More Long Lost Buildings of Poughkeepsie: Cedarcliff

More Long Lost Buildings of Poughkeepsie: Cedarcliff

We have mentioned in previous blog posts how Poughkeepsie has lost a lot of interesting buildings and residences over the years. When it comes to this particular long lost building, which was part of a large estate, we don’t actually have a picture of it, but we know it was there. In fact, two structures are standing nearby today that represent different eras of the estate. The estate was known as Cedarcliff, and it is easy to locate it if you know the street names of Poughkeepsie.

James Winslow was the brother of John Flack Winslow (who we talked about in a previous blog), and had ventured into the banking business with the Third National Bank of New York City. James and John were drawn to the beautiful scenery of the Poughkeepsie waterfront, and both brothers wanted to establish homes here. James was the first in 1857, when he built a home which he named “Cedarcliff” (about ten years before his brother built “Woodcliff”). The estate was bought and sold over the course of half a century and had several wealthy owners including Henry N. Curtis, the Taft Family, and the Seaman family. It appears that the Seaman family began to give away portions of their land for other uses, forever changing the Cedarcliff property. 

The estate included a main house, two gatehouses, a formal garden, and a few other outbuildings. It is believed that the gatehouses were the work of architect Andrew Jackson Downing, who was famous for the intricate and elaborate architectural style known as “Gingerbread.” One of those gatehouses is standing today on Ferris Lane. The main gatehouse (seen in Photo 3), which once stood on Route 9 across from the cemetery, is now gone. But there had been an attempt in the 1970’s to save it by a man named Benjamin West Frazier. New York State wanted to tear down the house in order to widen Route 9 in 1961. Frazier purchased the house for $101 and began taking it apart, numbering each piece with the hopes of putting it together again. Sadly he was never able to come up with the funds to do so before he died, and the house still remains in pieces and is stored in the New York State Museum.

The manor house was occupied by Mr. John F. Seaman, his wife and daughter Josephine in the first half of the 20th century. The family had been big supporters of the Y.W.C.A., it was during that time that the grounds became the site of several camps and athletic fields for the girls organization. In 1924, Mrs. Seaman and her daughter gave the bulk of the estate to the Y.W.C.A. with the exception of their house and gardens (seen in the Photo 02). A club house (seen in the Photo 03) was built in 1927 and had a pool for swim classes, while the land around it was sold off into lots.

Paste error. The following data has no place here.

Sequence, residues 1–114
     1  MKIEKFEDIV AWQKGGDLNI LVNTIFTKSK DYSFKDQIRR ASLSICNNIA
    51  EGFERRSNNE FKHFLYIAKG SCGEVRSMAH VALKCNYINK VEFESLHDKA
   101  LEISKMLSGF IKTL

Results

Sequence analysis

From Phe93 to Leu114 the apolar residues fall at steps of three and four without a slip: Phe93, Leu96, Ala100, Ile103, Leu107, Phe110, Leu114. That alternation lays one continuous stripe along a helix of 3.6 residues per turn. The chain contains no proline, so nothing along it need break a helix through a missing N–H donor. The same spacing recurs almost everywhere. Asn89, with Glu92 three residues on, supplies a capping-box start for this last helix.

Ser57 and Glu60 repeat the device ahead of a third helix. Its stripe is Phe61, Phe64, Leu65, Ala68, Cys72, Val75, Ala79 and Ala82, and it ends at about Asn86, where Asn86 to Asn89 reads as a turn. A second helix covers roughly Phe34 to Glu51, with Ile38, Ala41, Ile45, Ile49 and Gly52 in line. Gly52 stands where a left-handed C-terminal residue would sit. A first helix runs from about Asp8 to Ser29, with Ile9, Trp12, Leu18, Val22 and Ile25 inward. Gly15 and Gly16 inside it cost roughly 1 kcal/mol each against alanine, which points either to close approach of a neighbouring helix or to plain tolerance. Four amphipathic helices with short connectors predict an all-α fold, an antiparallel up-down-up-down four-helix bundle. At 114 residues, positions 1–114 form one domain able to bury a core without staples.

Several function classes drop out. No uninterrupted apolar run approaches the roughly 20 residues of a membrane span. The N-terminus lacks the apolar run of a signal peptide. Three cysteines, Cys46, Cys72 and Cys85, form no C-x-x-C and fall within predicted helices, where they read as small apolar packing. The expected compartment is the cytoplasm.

The manor house, which we have not found a photo of, was used by the Gallaudet Home for the Deaf from 1950 until 1972, until it was determined too costly to maintain. In 1973, an ad for the sale of the home stated that the house was all brick with 17 bedrooms, a library, a chapel, and the asking price was $75,000. It was demolished not long after to make way for modern housing. If you look closely at the aerial views on the right, the manor house (circled in red) is there in the 1936 and 1970 views but is gone by 1980. The garden was only visible in 1936, while the Y.W.C.A. Club house continues to stand. 


Dutchess County Parcel Access –

Platt, Edmund. “The Eagle’s History of Poughkeepsie,” Pg 193.

Poughkeepsie Journal – 7 Nov 1950, 7 Sep 1972, 9 Dec 1973

Poughkeepsie Eagle News – 6 May 1898, 19 Jul 1874

The New York Times – 1 Apr 1976


Photo 01 – The gatehouse for Cedarcliff that once stood on Route 9, also known as the Pink House, designed by Andrew Jackson Downing. 1903. LH Collections.

Photo 02 – The original gardens of the Cedarcliff estate, 1925. LH Collections.

Photo 03 – The Y.W.C.A. Clubhouse, photographed in 1945. LH Collections.

Photo 04 – An aerial view of the Cedarcliff estate in 1936, showing the manor house, garden and Y.W.C.A. Club house.

Photo 05 – An aerial view of the Cedarcliff estate in 1970, the garden is gone.

Photo 06 – An aerial view of the Cedarcliff estate in 1980, the manor house is gone.